• We will explore the ways in which the role of the beneficiaries of development/policy and the role of the state, as well as the roles of individuals, communities and NGOs in development, are shaped by theory and assumptions.
  • We will investigate the outcomes of these interventions -intended and unintended- looking at successes and failures.
  • We will reflect on the limits of decision and choice, drawing from commonalities and differences over time and place.
  • Finally we will look at these issues and examples in the context of the interactions between economics, politics, society, and culture using a political economy perspective, that is to say, in terms of the relationships between the Global North and the Global South, between genders and between people of different socio-economic and culturally defined strata.
This course will not view development as if it began in 1945, but will see it as beginning in the late 18th c in Europe, the expansion of the colonial world and with the development of capitalism, during which time the first purposive plans to transform society were implemented in Europe, North America and in the European colonial empires, so colonial policy as well as post-independence policies will be an integral aspect of our discussion, as will the central role of European social, political and economic thought.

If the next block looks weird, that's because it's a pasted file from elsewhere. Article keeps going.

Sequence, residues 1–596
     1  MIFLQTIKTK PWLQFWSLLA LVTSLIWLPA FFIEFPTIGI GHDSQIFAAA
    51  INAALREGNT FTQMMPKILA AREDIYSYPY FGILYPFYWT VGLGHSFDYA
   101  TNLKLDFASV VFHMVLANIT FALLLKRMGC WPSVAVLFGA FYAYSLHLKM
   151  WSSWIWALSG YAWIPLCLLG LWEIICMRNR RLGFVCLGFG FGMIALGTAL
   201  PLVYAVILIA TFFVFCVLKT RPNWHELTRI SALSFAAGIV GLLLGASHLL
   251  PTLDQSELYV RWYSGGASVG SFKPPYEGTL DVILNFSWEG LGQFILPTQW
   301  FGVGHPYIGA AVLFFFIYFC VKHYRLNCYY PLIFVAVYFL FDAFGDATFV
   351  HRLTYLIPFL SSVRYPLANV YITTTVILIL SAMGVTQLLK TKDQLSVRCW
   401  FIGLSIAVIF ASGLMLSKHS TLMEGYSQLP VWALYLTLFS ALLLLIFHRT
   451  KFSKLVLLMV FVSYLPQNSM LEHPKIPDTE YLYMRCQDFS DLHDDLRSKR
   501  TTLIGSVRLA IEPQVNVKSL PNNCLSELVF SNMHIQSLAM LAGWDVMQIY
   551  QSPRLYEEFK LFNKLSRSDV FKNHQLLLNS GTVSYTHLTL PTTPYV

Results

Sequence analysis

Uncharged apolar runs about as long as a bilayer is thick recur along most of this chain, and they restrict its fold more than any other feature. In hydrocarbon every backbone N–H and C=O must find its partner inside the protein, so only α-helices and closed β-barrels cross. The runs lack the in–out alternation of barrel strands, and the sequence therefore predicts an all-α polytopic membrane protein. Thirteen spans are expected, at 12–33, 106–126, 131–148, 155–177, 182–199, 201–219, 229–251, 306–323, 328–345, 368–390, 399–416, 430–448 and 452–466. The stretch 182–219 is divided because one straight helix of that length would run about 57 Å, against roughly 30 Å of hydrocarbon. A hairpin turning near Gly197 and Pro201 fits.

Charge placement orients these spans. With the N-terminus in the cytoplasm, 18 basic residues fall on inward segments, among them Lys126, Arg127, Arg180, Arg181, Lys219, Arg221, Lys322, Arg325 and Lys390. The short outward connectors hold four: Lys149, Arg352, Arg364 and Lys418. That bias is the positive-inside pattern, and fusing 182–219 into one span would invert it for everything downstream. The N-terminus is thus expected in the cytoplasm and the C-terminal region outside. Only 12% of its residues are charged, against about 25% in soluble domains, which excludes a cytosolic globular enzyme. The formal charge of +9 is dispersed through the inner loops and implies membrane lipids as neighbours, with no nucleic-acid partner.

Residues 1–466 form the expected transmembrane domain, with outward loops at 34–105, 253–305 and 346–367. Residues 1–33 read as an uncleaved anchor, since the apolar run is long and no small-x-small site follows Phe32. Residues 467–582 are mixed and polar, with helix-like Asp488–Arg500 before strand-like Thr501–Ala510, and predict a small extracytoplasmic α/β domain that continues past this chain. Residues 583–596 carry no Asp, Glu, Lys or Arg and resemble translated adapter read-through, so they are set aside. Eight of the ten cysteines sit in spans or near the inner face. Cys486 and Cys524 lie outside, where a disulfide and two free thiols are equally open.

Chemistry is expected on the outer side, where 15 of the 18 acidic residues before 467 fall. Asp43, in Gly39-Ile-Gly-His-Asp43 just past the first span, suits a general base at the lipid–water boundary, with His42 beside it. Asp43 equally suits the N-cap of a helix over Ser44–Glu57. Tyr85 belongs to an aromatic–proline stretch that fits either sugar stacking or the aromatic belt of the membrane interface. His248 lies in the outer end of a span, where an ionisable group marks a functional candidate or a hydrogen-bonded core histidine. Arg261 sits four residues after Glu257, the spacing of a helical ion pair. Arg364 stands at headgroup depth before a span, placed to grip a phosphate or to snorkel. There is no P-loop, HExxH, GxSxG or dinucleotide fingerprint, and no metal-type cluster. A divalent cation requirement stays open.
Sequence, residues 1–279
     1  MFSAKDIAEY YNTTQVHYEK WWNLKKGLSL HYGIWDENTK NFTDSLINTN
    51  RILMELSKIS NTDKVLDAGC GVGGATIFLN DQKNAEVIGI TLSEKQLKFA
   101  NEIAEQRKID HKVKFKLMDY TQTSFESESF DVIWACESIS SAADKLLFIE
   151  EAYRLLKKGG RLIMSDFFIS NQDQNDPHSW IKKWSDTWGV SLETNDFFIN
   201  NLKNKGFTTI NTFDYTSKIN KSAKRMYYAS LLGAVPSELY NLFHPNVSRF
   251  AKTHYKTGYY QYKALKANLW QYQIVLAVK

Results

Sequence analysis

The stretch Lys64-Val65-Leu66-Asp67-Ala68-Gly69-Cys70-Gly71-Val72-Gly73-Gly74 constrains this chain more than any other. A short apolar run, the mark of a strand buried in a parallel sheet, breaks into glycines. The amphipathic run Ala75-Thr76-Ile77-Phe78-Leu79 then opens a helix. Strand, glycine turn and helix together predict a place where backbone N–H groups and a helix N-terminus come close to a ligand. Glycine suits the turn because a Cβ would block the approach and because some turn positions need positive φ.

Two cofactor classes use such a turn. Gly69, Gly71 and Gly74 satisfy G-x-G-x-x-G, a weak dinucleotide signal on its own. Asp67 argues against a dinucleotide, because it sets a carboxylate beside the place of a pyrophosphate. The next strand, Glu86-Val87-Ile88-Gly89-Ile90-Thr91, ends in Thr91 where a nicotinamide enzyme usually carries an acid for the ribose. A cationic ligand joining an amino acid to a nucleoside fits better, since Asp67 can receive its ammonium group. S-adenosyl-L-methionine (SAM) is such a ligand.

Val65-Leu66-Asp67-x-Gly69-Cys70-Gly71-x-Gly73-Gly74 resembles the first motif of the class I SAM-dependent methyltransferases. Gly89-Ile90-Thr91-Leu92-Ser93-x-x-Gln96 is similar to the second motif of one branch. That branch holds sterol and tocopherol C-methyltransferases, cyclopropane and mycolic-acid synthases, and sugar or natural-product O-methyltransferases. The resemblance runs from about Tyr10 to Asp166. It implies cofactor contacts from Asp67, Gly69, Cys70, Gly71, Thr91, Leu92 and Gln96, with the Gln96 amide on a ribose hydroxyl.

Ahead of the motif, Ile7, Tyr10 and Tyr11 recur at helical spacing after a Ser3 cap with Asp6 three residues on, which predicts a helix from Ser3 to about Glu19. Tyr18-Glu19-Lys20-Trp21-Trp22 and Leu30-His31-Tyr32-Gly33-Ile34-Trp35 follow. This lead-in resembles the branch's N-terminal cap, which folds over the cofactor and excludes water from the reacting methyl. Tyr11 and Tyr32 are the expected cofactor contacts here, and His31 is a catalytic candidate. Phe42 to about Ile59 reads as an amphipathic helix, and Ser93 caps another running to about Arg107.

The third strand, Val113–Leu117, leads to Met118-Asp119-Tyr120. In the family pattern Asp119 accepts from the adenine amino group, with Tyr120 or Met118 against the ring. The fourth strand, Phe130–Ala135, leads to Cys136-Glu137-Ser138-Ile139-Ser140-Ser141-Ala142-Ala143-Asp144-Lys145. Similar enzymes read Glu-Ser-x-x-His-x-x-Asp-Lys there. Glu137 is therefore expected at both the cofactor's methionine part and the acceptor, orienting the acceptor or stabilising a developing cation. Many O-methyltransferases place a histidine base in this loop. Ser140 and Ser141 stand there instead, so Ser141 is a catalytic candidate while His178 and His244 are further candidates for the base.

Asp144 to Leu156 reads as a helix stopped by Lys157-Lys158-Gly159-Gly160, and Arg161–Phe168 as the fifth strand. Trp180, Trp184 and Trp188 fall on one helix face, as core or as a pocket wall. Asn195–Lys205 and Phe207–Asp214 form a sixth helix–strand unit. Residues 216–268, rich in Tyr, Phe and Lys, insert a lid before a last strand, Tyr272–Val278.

A mixed senior undergraduate/graduate level course with limited space for graduate students. Graduate students may not take more than three such mixed courses. Graduate enrolment opens after the undergraduate enrolment period (consult Graduate Assistant). Exclusion: DEVS 499.

 

Three term - hours; Winter. V. Jefremovas 

 

Return to top

DEVS 869 Cities and Urbanization in the South (Winter 2016)

Over 50% of the world’s population lives in urban areas, up from less than 15% in 1900.  This rapid urbanization is expected to continue for several decades, with the majority of urban growth taking place in Africa, Asia, and Latin America. Cities have also become engines of economic growth and social pluralization, acting as conduits for – and generators of – larger global transformations.  From music to foreign investments to infrastructure development, cities are key sites of socio-economic and political change (and resistance) and will continue to grow in importance in the future.